This is one of those movies I saw on a whim at SXSW. I was supposed to see something at Alamo on South Lamar, but changed plans at the last minute — I was already parked downtown, figured I ought to go to at least one splashy Paramount premiere, and wanted the chance to hang out with a bunch of other film writers who were planning to attend. Now you know the highly scientific process film critics use to determine their festival schedules.
Forgetting Sarah Marshall is a little difficult to review because I enjoyed the experience of watching the film at a packed Paramount theater, and it made me laugh a whole lot, but it wasn’t very good. If a film makes you laugh that much, shouldn’t it be “good” even if the plot is lame? On the other hand, if I’d seen this movie at a sparsely attended press screening, or watched it alone on DVD, would I have enjoyed it nearly as much? Judging by the fact that I have absolutely no desire whatsoever to see it again, I think the experience itself contributed greatly to my enjoyment.
Like I said, the plot is pretty lame: Peter Bretter (Jason Segal), a composer of terrible TV soundtracks, is traumatized when his gorgeous actress girlfriend, the Sarah Marshall of the title (Kristen Bell) breaks up with him. Worse yet, she’s dumped him for a bizarre Australian rockstar (Russell Brand). He decides finally to travel to Hawaii so he can forget Sarah Marshall, but of course you know she turns up too. And there’s also another pretty love interest. And Jonah Hill keeps popping up. I’m not spoiling anything here because you know what’s going to happen.
The humor in this movie isn’t in the plot, however, it’s in the gags that fly thick and fast and just keep hitting you until some of them stick. Peter has been working sporadically on a puppet rock opera about Dracula, which sounds like one of those quirks stuck in a movie in lieu of any kind of character depth or distinction, but the excerpts from the rock opera had the audience howling. They were unbelievable. We also see more male nudity than you usually get in a film, all in the name of comedy.
The problem is that Forgetting Sarah Marshall is at least 20 minutes too long and the plot, such as it is, starts to feel tired and forced. Even the funniest gags cannot compensate for the fact that you sit there wanting these people to decide already what they’re going to do, which you already know what it is, because every romantic comedy in the universe does the same damn thing. In addition, it was mighty difficult for me to empathize with Peter, whom I felt needed a good smack in the head. I had more of a tendency to sympathize with the title character, who gets treated a bit shabbily as the film progresses. Mila Kunis plays the other love interest, who’s one of those free-spirited wage slaves who turns out to have intellectual ambitions underneath, so it’s okay for the hero to like her (like in Sideways).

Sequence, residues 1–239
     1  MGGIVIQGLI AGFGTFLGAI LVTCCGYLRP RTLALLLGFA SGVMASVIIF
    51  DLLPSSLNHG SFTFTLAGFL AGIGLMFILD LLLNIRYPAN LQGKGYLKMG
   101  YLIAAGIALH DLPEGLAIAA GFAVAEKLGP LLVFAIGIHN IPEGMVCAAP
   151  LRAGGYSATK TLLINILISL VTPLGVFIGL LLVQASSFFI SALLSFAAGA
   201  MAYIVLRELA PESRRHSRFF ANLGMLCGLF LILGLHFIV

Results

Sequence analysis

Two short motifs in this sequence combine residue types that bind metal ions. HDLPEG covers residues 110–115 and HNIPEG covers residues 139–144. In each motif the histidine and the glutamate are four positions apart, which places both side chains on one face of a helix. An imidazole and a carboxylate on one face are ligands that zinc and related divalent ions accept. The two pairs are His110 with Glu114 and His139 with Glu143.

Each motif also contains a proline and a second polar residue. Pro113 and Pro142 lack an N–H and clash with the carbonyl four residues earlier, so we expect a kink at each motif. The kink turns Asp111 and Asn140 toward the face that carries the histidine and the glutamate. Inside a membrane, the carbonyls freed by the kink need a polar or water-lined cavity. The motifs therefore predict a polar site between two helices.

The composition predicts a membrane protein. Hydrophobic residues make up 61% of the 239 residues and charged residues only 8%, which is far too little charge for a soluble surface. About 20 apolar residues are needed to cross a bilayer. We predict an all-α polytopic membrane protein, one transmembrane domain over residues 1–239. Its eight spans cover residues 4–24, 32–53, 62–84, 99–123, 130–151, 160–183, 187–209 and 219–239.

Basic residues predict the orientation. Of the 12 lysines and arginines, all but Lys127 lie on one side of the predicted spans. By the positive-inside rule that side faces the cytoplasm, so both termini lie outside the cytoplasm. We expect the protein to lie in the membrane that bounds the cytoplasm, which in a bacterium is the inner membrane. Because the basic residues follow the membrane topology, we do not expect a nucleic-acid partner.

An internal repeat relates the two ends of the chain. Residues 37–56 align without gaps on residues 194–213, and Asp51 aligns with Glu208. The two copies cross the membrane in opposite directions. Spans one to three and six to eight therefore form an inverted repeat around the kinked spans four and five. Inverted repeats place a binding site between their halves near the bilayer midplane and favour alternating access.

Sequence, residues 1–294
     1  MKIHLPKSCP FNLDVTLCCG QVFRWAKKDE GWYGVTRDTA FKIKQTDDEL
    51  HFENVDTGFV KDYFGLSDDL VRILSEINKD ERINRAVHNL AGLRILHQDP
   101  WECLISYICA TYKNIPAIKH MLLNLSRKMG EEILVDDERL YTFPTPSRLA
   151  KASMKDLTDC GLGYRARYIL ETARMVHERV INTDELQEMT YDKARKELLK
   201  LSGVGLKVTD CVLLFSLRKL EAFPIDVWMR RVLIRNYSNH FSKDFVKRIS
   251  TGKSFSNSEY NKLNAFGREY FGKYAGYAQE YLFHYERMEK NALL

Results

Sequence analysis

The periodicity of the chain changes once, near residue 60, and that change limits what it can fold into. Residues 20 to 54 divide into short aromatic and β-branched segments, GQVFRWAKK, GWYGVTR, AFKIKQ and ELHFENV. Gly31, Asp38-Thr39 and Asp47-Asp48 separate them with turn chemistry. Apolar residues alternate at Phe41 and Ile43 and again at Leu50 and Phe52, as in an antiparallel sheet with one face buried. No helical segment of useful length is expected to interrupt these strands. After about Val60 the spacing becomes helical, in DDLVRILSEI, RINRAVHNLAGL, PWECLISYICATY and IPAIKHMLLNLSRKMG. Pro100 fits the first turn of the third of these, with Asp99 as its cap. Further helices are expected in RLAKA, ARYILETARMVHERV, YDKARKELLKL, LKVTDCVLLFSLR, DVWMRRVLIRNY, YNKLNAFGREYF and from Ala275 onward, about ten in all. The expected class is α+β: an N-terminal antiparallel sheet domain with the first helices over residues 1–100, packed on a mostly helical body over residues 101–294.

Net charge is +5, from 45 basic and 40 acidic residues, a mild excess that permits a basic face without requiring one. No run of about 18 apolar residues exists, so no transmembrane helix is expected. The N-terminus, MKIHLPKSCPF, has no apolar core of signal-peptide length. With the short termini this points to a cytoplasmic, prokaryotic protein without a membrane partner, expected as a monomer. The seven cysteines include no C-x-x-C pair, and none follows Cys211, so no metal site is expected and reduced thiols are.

Paul Rudd, one of my big crushes, has a delightful small role as a surfing instructor. But I was also very much taken by Russell Brand, who plays the sex-crazed rockstar, and is funnier than the other three leads combined. The other actors were unable to overcome the thinly and inconsistently drawn characterizations. I need to see him in more movies, immediately.
Forgetting Sarah Marshall is a funny movie, especially if you watch it with a lively crowd that gets into the humor. And you know, it’s hard enough to find movies playing in theaters that make you laugh. So maybe it doesn’t matter that the movie is overlong and the story is eyerollingly dumb. See it with a bunch of friends, maybe have a beer first (or during, if you go to the right kind of theater), don’t expect a lot, and you’ll have a good time.
One thought on “Forgetting Sarah Marshall (2008)”
Russell Brand, among many other things, writes a hilarious weekly football (soccer) blog for Guardian Unlimited. His posts are always full of things like imagined (probably) love affairs between coaches and players, and he once semi-seriously argued that the best coach for the English national team was Morrissey.
By which I mean to say: He’s a genius, and I’m so glad he was good.